Yet all these additions fit perfectly with what was given by Jesus, as long as one has recognized the latter as a human accomplishment, and therefore both capable of and in need of further development. But if one conceives of Jesus as God-man, as the universally and exclusively valid exemplar placed by God among mankind, one must of course reject any addition to this exemplar, turn its one-sidedness and incompleteness into the rule, and either reject or simply regulate externally all those aspects of human activity that are not represented in it. Indeed, because Jesus himself remains standing as God-man alongside and above the moral exemplar embodied by him, belief in whom is – apart from and before the recognition of that exemplary image – every man’s duty and the condition of his salvation, that on which everything depends is pushed back into the second line; the full force of the moral greatness of Jesus withers away, and the moral duties, which can derive their validity only from the fact that they are rooted in the nature of the human being, are placed into the false light of being positive commandments from God. The critic therefore lives in the conviction that he does not commit a sacrilege against the holy, but is instead doing good and necessary work, when he sweeps away all those things that make Jesus into a superhuman being, as being a well-meant and at first perhaps beneficial, but in the long run harmful and now truly destructive delusion; when he restores the image of the historical Jesus in his simple human traits, as well as can still be done; when he refers mankind for the salvation of its soul to the ideal Christ, to that moral exemplar of which the historical Jesus first brought to light several principal traits, but which, as an endowment, belongs as much to the general gift of our kind as its further development and perfection can only be the task and work of all of mankind.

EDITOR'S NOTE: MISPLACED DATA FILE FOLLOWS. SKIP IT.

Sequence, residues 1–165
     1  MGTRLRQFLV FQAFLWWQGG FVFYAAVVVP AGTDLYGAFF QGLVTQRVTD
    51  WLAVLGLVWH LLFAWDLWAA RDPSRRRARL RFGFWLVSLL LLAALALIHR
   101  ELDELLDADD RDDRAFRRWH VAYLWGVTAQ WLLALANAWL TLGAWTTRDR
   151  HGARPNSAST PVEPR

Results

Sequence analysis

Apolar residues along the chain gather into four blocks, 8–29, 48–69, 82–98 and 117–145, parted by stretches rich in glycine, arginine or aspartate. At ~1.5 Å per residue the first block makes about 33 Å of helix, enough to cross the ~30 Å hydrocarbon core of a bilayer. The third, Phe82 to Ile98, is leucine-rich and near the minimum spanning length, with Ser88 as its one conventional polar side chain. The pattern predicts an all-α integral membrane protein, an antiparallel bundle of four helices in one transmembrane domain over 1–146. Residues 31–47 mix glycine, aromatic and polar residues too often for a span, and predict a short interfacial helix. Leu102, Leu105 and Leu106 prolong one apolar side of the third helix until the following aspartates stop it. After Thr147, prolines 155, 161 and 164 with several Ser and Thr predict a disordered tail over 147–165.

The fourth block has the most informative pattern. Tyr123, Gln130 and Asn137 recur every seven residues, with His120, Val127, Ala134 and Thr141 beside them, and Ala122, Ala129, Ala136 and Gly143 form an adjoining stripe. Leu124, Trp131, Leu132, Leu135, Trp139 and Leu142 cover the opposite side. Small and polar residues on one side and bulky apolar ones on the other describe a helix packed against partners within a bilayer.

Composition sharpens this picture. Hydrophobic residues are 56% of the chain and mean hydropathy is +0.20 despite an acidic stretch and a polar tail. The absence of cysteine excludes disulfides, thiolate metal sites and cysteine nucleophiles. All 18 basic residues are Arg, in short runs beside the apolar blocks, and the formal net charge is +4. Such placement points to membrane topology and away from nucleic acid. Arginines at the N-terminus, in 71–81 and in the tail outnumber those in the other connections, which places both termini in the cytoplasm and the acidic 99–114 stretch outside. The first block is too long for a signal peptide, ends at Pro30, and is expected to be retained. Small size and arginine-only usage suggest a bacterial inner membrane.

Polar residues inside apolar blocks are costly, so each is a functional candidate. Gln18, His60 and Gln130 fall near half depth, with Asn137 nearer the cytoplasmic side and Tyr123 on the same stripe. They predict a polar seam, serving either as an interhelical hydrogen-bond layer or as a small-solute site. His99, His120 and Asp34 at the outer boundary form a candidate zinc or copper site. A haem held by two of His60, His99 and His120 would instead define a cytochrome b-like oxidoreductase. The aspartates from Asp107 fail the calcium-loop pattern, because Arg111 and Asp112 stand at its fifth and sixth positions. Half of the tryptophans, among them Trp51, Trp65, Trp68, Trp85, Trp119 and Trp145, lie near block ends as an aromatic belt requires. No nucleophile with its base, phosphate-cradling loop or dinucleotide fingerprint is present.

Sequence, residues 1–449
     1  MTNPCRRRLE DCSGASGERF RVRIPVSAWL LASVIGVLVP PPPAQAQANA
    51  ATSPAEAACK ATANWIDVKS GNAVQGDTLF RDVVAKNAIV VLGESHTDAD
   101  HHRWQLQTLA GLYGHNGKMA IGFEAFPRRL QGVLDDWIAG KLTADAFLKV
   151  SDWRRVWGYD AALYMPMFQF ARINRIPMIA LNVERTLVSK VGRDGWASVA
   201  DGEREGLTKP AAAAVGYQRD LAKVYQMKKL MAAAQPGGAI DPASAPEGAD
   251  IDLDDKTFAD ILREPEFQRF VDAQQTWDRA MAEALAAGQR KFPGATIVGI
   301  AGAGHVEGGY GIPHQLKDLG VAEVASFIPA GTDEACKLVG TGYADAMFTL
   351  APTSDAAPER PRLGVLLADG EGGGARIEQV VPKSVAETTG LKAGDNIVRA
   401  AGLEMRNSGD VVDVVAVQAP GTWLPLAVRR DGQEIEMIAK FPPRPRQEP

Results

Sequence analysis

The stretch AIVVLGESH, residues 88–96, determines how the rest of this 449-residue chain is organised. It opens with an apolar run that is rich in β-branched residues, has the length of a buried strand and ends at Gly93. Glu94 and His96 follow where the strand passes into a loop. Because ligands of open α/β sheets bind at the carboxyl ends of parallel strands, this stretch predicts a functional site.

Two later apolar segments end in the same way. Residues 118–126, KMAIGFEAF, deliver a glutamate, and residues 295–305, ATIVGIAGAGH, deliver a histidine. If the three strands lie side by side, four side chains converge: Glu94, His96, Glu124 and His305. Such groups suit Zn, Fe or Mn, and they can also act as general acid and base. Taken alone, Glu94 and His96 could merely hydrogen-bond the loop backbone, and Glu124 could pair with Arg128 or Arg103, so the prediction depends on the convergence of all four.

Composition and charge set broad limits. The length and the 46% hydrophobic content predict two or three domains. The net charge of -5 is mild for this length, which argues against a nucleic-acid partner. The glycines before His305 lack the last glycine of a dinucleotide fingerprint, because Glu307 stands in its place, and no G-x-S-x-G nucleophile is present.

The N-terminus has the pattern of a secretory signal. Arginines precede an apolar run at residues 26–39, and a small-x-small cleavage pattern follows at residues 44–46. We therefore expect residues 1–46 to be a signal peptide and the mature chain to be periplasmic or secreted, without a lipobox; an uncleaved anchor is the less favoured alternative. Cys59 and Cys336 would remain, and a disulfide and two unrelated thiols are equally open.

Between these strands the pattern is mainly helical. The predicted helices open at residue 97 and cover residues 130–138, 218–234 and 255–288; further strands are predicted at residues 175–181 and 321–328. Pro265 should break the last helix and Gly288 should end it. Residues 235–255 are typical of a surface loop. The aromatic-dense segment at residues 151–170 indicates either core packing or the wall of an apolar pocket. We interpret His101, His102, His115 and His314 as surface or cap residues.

Source: David Friedrich Strauss, Das Leben Jesu. Leipzig: Alfred Kröner Verlag, n.d., vol. 2, pp. 158-62.
Translation: Thomas Dunlap